Data Discovery has been great for the analysts in our organizations and has revolutionized the way they access, interact, and interpret data. However, I’ve always been more interested in serving the needs of the non-analysts.
In a meeting last week one of our partners, Musgrave Analytics, mentioned something that caught my attention: people are afraid to deploy dashboards to business users until the data is perfect.
Although understandable, the problem with this approach is that it can paralyze dashboard and other business intelligence projects and result in a frustrated business community that lacks access to critical information.
But today, with data stored not only on premise but increasingly in the cloud too (e.g. Salesforce, Marketo, Eloqua, Google Analytics), how do you access all of this data to create a consolidated view of your business?
We live at a time where there is vastly more information available than ever before. Tech trends like the Internet of Things are taking us into a world of connectedness, and everyone from Gartner to IDC are predicting big stuff for “the Things” in 2015.
In fact there is already far too much information out there for us to be able to meaningfully take it all in. However it is increasingly important that we use as much of this data as we can to avoid being left behind in both our work and our personal lives.
One of the most important things to do with information is to make it accessible right across your organisation in a way that allows users to “just use it”.
It feels like we are moving towards a “BI for analysts only” culture, so I feel compelled to ask: Is analysis just for analysts?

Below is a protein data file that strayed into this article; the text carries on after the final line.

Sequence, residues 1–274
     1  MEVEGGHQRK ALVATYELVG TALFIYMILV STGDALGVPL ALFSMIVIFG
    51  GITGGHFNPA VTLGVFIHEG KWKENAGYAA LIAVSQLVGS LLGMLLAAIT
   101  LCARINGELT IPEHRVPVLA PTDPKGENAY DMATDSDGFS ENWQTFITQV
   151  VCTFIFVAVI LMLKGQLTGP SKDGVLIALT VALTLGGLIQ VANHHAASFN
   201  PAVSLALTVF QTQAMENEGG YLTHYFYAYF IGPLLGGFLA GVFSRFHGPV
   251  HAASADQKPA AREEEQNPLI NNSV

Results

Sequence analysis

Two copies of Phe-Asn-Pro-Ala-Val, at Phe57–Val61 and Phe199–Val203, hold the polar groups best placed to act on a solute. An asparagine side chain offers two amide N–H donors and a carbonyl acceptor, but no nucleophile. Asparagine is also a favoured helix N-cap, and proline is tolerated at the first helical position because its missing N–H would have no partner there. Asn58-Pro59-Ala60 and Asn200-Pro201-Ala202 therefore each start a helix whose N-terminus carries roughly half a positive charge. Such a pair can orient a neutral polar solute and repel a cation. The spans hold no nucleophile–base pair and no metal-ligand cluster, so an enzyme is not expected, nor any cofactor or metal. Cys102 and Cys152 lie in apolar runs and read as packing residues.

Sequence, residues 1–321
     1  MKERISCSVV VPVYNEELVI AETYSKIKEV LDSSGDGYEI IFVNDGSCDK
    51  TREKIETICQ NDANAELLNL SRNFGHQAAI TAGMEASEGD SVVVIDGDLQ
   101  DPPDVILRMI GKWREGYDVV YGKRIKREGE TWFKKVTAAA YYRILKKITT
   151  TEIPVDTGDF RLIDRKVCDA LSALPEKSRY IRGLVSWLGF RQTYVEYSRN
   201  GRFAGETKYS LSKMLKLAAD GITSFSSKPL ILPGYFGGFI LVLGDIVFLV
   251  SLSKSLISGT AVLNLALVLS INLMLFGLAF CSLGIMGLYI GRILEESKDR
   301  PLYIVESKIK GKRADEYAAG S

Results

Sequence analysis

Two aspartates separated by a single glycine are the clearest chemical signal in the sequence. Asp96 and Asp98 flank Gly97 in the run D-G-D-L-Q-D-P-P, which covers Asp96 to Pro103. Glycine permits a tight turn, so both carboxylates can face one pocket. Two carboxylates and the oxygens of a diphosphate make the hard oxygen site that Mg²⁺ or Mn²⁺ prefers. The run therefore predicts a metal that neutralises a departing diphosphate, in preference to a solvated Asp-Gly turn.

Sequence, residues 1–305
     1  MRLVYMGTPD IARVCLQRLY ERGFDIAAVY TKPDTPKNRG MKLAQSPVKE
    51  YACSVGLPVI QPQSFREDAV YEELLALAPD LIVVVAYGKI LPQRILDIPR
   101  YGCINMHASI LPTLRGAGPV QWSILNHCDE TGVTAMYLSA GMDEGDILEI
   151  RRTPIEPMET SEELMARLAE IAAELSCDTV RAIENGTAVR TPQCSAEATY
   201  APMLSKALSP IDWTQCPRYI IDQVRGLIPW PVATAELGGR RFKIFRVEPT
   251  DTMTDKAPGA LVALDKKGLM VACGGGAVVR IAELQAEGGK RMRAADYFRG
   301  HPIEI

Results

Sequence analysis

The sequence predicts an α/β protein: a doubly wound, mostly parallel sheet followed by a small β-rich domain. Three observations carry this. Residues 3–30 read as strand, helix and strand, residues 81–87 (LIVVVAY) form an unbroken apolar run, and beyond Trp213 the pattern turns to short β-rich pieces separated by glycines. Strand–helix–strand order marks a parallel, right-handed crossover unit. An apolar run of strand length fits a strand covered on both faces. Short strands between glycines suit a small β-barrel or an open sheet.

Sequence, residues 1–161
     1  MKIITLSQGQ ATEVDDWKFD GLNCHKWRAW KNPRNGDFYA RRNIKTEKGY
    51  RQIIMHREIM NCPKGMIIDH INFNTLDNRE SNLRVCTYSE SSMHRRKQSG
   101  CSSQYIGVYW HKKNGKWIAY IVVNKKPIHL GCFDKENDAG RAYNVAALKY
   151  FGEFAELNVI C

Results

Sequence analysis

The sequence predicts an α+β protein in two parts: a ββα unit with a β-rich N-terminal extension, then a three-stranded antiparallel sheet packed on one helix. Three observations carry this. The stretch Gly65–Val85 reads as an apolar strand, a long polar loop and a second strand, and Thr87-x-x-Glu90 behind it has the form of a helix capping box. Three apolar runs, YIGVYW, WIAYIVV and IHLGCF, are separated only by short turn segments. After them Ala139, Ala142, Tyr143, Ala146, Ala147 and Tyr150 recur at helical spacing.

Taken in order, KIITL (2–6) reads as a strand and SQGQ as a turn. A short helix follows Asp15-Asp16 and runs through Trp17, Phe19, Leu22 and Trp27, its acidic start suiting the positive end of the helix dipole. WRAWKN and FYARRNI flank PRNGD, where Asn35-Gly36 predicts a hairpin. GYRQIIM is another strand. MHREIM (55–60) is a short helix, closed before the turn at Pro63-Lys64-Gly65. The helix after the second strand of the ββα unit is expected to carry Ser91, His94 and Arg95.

Petr Podrouzek wrote the first in a series of thirteen articles about agile business intelligence (BI) a few days ago. In this first article, Agile for BI is recommended by the experts, but is it used in the real world?, Petr points out that through his six years of working on BI projects he has never seen agile BI in use. To further his argument he says that many BI projects start out with an agile approach but that this is quickly abandoned in favor of the traditional waterfall model, where requirements are collected and a data model is developed followed by data sourcing and development of ETLs.
As Petr points out, this slow and excruciating process takes up precious time from everyone involved. And at the end of the day the customers, the ones who depend on your dashboards and reports, are left disappointed.
Thanks to a tweet last week from Cindi Howson, I discovered The Battle of Business Intelligence: Data Discovery vs. Traditional BI written by Southard Jones from Birst. The article provides a nice overview of how Data Discovery evolved and moved into the BI mainstream but most interestingly it argues that “Data Discovery remains one small piece of the larger pie that is business intelligence” !
Thank goodness for that, finally someone else saying that Data Discovery is not the be all and end all of BI. We were beginning to think we were the only ones Continue reading
A few weeks ago, @startupvitamins tweeted a great quote :-
And no-where is this more true than end-user Business Intelligence (BI). It makes sense for analysts to carve out the time to sit down and learn generic data analysis tools as they form a central part of their jobs. But for the rest of us, with operational responsibilities, things are different, we need BI which we can just use, without explanation.
Here at Antivia we have been championing this for the last few years, (read pretty much any of our other blog posts to see what I mean). Our product DecisionPoint does exactly this, it allows you to quickly and easily create easy-to-use, no-training-required BI apps and dashboards that you don’t have to explain to end-users. Continue reading